By Peter Bandettini and the Neurosalience production team
In this podcast, Peter and David Poeppel discuss what it might mean to understand the brain, and how MRI and other imaging modalities may play a part. They discuss David’s past work with Greg Hickok on language pathways as well as his study of the auditory cortex. Another topic discussed is the potential impact of David’s work clinically as well as the need to start with—and progressively add to—models of the brain.
David Poeppel Ph.D. is Professor of Psychology and Neural Science at New York University (NYU). Since 2014, he has also been the Director of the Department of Neuroscience at Max Planck Institute for Empirical Aesthetics (MPIEA). In 2019, he co-founded the Center for Language, Music and Emotion, an international joint research center, co-sponsored by the Max Planck Society and New York University. Since 2021, he is now also the Managing Director of the Ernst Strüngmann Institute in Germany.
David grew up between Munich, Germany; Cambridge MA, USA; and Caracas, Venezuela. He obtained his bachelor's degree (1990) and doctorate (1995) from the Massachusetts Institute of Technology (MIT). He received training in functional brain imaging as a postdoctoral fellow at the School of Medicine of the University of California, San Francisco. From 2000 to 2008, he directed the Cognitive Neuroscience of Language Laboratory at the University of Maryland College Park, where he was a professor of linguistics and biology. He joined New York University in 2009.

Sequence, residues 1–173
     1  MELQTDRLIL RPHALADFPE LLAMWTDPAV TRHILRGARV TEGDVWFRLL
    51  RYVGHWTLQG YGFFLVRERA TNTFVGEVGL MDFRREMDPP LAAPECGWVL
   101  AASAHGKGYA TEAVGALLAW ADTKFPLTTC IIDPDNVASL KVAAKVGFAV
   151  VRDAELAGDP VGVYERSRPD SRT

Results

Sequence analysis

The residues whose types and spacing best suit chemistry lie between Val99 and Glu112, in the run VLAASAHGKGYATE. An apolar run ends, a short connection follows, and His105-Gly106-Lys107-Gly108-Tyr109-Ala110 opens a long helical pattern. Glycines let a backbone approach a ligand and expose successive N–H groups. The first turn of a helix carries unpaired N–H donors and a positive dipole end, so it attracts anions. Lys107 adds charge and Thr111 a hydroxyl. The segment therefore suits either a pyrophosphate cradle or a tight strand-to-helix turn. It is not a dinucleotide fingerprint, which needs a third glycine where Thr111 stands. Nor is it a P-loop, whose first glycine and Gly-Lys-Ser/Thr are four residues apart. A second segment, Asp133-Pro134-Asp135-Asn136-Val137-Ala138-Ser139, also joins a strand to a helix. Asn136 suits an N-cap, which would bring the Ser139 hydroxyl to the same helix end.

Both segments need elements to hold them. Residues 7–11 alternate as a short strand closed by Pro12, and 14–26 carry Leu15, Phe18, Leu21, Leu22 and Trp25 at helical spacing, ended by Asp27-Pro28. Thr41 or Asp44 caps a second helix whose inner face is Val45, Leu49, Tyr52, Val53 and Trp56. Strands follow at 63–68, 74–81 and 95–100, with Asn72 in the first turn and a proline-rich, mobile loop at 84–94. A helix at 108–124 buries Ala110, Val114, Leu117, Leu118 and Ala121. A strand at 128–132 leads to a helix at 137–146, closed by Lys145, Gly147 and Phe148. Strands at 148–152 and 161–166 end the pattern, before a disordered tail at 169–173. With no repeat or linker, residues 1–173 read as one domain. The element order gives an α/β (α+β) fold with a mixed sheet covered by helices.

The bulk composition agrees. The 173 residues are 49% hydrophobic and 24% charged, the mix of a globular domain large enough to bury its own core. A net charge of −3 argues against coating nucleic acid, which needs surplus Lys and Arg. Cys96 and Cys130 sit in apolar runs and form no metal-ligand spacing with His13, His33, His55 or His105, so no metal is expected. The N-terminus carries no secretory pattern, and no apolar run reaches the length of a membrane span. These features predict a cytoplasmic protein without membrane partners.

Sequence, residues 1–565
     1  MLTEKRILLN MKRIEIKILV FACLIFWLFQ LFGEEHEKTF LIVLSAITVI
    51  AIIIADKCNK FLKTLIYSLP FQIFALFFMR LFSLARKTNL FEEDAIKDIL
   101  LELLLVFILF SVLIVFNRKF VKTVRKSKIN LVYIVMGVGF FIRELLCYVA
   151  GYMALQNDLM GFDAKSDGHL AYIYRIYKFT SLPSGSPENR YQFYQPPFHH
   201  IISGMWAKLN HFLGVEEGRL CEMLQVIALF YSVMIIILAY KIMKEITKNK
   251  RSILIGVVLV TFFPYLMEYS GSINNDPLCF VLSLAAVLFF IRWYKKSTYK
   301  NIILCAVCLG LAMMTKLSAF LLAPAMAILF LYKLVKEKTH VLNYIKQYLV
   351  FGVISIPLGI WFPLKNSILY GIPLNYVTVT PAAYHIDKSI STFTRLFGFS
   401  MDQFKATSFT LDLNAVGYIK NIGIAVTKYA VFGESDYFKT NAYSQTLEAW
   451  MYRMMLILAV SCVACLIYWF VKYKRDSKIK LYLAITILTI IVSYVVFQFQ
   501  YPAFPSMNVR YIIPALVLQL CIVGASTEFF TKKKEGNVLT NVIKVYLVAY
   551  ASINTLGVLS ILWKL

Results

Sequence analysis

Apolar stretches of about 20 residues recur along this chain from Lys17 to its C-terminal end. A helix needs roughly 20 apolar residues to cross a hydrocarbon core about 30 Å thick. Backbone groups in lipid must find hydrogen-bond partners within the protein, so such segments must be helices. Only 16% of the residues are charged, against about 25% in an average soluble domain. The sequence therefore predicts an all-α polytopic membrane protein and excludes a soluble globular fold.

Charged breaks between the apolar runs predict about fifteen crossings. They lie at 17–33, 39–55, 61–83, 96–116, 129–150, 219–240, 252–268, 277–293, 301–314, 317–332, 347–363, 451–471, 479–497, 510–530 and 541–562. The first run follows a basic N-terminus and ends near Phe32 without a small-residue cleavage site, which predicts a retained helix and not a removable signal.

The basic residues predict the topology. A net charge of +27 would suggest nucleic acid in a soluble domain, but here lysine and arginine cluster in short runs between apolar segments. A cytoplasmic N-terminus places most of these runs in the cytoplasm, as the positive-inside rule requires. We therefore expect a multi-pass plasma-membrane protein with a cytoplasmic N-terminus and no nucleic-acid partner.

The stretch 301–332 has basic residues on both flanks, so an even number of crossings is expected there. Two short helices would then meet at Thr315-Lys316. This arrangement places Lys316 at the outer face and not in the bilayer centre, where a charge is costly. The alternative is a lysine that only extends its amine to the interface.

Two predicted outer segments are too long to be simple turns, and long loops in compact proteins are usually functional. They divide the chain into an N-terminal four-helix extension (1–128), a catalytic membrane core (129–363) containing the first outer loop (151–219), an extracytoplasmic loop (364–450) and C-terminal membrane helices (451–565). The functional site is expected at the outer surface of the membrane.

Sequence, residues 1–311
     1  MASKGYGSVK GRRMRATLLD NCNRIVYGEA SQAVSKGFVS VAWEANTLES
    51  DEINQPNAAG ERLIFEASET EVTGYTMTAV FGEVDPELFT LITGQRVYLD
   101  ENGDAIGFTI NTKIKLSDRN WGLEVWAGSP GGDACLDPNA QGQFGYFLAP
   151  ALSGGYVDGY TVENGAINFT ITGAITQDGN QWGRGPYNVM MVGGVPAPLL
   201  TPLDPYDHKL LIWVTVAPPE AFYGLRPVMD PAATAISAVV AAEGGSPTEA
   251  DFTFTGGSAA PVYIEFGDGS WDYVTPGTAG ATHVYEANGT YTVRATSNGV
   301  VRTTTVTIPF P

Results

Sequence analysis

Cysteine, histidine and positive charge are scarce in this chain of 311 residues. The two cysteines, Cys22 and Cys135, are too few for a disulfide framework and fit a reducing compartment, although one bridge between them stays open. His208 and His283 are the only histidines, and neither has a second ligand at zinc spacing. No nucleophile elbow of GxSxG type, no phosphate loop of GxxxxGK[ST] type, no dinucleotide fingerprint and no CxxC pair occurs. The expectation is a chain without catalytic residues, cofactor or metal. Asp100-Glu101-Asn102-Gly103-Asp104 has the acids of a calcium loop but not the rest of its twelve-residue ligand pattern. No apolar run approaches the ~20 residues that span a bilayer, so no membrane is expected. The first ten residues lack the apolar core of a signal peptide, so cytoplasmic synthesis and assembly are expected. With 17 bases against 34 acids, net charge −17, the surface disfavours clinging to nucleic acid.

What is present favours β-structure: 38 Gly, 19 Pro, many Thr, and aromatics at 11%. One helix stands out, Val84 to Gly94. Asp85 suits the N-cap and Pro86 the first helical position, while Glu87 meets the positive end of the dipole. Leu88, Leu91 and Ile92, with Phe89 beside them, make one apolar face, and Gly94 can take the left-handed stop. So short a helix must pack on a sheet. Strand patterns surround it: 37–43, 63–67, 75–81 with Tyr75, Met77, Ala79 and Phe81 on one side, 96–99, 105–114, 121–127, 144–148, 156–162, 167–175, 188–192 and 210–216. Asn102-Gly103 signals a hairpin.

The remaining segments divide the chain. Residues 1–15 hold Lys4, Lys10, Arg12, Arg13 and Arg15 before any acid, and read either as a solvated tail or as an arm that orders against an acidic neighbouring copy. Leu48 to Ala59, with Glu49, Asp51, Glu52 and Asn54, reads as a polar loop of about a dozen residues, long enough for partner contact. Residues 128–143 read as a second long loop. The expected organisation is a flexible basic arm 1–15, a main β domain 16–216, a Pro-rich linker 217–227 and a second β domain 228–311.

He was a fellow at the Berlin Institute for Advanced Study and has been a guest professor at several institutions. He has received the DaimlerChrysler Berlin Prize of the American Academy of Arts and Sciences and other honors.
David Poeppel is a researcher who employs behavioral and cognitive neuroscience approaches to study the brain basis of auditory processing, speech perception and language comprehension. The research in Poeppel's laboratory addresses questions such as: What are the cognitive and neuronal “parts lists” that form the basis for language processing, the fundamental constituents used in speech and language? How is sensory information transformed into the abstract representations that underlie language processing? What are the neural circuits that enable language processing?
Well-known contributions of the Poeppel laboratory include: the functional anatomic model of language developed with Greg Hickok; research on lateralization in auditory processing; and experimental work on the role of neuronal oscillations in audition and speech perception. He also writes and lectures about methodological questions at the interdisciplinary boundary between cognitive science research and brain research.